Attackers are adopting increasingly malicious tactics to evade security researchers' analysis efforts, with a recently discovered data-stealing program erasing the master boot record of a system's hard drive if it detects signs of an analysis environment, according to report published by Cisco on May 4.
The malware, dubbed Rombertik, compromises systems and attempts to steal information, such as log-in credentials and personal information, from the victim's browser sessions, researchers with Cisco's Talos security intelligence group stated in the report.
When the malware installs itself, the software runs several anti-analysis checks, attempting to determine if the system on which it is running is an analysis environment. If the last check fails, the malware deletes the master boot record, or MBR, which is required to correctly start up the computer system.
"The interesting bit with Rombertik is that we are seeing malware authors attempting to be incredibility evasive," Alexander Chiu, a threat researcher with Cisco, said in an email interview with eWEEK. "If Rombertik detects it's being analyzed running in memory, it actively tries to trash the MBR of the computer it's running on. This is not common behavior."
Attackers are increasingly attempting to prevent defenders from analyzing the tools and programs they use to conduct criminal and espionage operations. In a recent analysis, researchers with security firm Seculert found a variant of the Dyre banking Trojan that used a simple check—counting the number of processing cores—to detect if it was in a virtual environment.
"At a high level, Rombertik is a complex piece of malware that is designed to hook into the user's browser to read credentials and other sensitive information for exfiltration to an attacker controlled server, similar to Dyre," Cisco's researchers stated in the report. "However, unlike Dyre which was designed to target banking information, Rombertik collects information from all websites in an indiscriminate manner."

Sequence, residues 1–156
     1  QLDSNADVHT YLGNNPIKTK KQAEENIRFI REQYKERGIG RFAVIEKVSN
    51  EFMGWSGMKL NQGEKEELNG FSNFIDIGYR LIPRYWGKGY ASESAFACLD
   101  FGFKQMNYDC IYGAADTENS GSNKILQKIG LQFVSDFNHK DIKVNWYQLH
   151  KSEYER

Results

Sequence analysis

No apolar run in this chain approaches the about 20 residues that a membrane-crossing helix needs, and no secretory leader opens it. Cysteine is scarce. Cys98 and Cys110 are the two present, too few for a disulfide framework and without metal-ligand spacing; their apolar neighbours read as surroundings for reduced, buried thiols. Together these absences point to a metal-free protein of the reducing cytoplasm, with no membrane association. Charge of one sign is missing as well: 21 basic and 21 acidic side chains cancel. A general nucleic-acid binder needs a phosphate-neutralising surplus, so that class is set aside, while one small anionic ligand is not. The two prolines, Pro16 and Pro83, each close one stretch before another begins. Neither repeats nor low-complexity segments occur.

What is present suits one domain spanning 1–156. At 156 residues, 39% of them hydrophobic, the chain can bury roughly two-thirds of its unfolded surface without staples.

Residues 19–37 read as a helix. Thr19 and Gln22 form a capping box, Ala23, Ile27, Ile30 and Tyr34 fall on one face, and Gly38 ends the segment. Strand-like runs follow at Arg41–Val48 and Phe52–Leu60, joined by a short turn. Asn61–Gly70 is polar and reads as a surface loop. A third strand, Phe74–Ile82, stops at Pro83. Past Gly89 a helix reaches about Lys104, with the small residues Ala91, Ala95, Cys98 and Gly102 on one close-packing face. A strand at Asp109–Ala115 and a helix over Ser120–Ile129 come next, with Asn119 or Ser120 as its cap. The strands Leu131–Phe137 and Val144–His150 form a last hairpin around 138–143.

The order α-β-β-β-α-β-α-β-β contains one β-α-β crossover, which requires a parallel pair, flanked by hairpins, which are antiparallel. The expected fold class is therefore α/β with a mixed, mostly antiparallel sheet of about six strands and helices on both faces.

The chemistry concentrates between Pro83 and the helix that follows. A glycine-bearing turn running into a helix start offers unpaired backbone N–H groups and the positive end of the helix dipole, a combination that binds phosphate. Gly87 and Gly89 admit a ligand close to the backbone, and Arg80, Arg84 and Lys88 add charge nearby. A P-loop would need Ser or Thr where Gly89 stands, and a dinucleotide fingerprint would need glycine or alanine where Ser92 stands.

Rombertik is distributed through various spam campaigns, often camouflaged as a PDF file. In reality, the attachment is a screensaver executable that, if the user opens the binary, attempts to run on the system. The prevalence of the malware is currently not known.
During an installation attempt, Rombertik attempts multiple times to determine if it might be in an analysis environment. The program has a lot of unused code, including uncalled functions and images that the malware authors included to try to camouflage the malware's functionality, Cisco's researchers stated.
The program also attempts to outlast automated analysis by writing a byte to memory nearly a billion times. Automated systems are often designed to run for a limited length of time, so as to efficiently process as many files as possible. The technique of writing data so many times could potentially crash some environments, Cisco stated.
"If an analysis tool attempted to log all of the 960 million write instructions, the log would grow to over 100 gigabytes," the researchers said. "Even if the analysis environment was capable of handling a log that large, it would take over 25 minutes just to write that much data to a typical hard drive. This complicates analysis."
When it reaches its final check, Rombertik deletes the MBR or—if it's unable to— it deletes all files in the user's account, according to Cisco.